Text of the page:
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Leadership memo of the week

http://www.internalmemos.com/memos/memodetails.php?memo_id=2075

"The executive leadership held a meeting with representatives from staff to understand the morale problems."

Okay, it's very, very simple - if you have to pull random members of your staff to understand the morale problems, you've identified the root cause: YOU DON'T KNOW WHAT'S GOING ON IN YOUR COMPANY.

Take the hours you probably spent drafting and polishing this memo, and spend them walking around the halls talking to people. This really isn't rocket science.

Very, very sad.

Philo

Philo
Monday, January 26, 2004

"The beatings will continue until morale improves."

m
Monday, January 26, 2004

After layoffs, salary freezes, mandatory vacations... I am *truly* surprised that any management could not realise there would be significant morale problems. Are this people just stupid or is it "ignorance is bliss"...

fire people => morale falls => management shocked??

Unbelievable.

Shodan
Monday, January 26, 2004

Good thing and bad thing!

Good thing is that the newly appointed Chief Conservation Officer and Chief Administrative Officer (what the hell do these designations imply anyway!!?) are aware that there is a morale problem and they want to do something about it.

Bad thing is that they're going in a typical Dilbertish way by holding meetings.

I agree with Philo that the best way is to go around and talk with the people. Most (ok some at least) will just whine about things being bad and this and that, but they (CCO, CAO et al.) will get some real insight into what's really happening.

Related question in my mind is that why do (senior) management people think that they can sit in their holy chambers and resolve all the issues from there? Whatever happened to direct interaction with the people or the concept of "leading from the front"?

T-90
Tuesday, January 27, 2004

Senior management do it because that's what's most comfortable for them. When analysing their actions, don't make the mistake of assuming that they actually care about the success or failure of the company.

After all, management morale may be equally low!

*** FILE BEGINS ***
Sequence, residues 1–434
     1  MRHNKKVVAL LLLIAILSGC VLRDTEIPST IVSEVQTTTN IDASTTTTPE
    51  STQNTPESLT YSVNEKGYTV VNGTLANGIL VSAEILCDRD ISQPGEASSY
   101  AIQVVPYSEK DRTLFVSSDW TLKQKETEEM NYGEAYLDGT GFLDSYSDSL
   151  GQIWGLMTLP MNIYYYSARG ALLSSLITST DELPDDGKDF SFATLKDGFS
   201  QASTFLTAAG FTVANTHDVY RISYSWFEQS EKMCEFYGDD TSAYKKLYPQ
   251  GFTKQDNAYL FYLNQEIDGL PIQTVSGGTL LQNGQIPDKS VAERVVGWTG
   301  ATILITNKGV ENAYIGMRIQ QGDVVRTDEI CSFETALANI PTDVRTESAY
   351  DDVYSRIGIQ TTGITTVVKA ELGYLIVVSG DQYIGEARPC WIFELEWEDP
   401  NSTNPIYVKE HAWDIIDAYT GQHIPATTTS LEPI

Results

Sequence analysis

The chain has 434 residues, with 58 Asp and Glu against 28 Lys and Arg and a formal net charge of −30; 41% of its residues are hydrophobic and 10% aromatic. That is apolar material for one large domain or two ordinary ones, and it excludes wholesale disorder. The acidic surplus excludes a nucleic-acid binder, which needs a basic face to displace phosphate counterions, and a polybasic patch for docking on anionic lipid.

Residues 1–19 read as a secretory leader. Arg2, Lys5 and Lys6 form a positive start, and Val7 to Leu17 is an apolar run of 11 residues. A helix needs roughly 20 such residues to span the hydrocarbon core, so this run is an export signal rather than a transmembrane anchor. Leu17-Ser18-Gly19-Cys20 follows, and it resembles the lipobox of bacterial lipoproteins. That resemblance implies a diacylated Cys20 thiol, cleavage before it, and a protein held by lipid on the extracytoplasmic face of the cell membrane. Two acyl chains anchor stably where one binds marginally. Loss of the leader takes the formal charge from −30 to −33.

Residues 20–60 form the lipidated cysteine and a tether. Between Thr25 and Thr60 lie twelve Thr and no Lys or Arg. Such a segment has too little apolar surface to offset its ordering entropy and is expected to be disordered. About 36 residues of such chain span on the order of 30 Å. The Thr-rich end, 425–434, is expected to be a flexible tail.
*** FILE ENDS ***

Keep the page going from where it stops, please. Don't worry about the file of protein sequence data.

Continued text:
Sum Dum Gai
Tuesday, January 27, 2004

There are, in my opinion, precious few people, let alone organisations, that grasp the meaning of leadership. The people who spring to mind are all senior non-commissioned officers and middle ranking commissioned officers in the military, and a number of people I've met in charities.

At first I was surprised about the later, but in retrospect they are people who need to persuade others to do something, often voluntarily, that, if not against their own betterment, is not necessarily for it.

In business the handful of people that I think of have three things in common. First, they radiate enthusiasm for what they are doing. Second, they care deeply about their 'people' - note the word is not 'employees' - and view the necessity to harm them as a culpable failure of their own. Third, their people trust their judgement.

Gaius
Tuesday, January 27, 2004

On the same lines as the OP.

http://www.theregister.co.uk/content/7/35123.html

David Roper
Tuesday, January 27, 2004

You have to understand how modern business managment works.

The role of managers used to be to ensure staff were well looked after so they could do a job.

Then it was discovered that more profit could be obtained by just pretending to look after staff, while actually underpaying and screwing them.

CEO On The Take
Tuesday, January 27, 2004

***
Then it was discovered that more profit could be obtained by just pretending to look after staff, while actually underpaying and screwing them.
***

You forgot to add ...

...while giving onself huge raises and stock options!

:)

Makes me wonder, how long before the call goes up:

Workers of the world unite; you have nothing to lose but your (in-efficient) managers!

T-90
Tuesday, January 27, 2004

Hmm... How much does a CxO make per hour. How many hours do they all pow-wow on these things.

Morale Improved = ( (hours) (CxO $/hour) (# of CxO) ) / (# of Emp)

m
Tuesday, January 27, 2004

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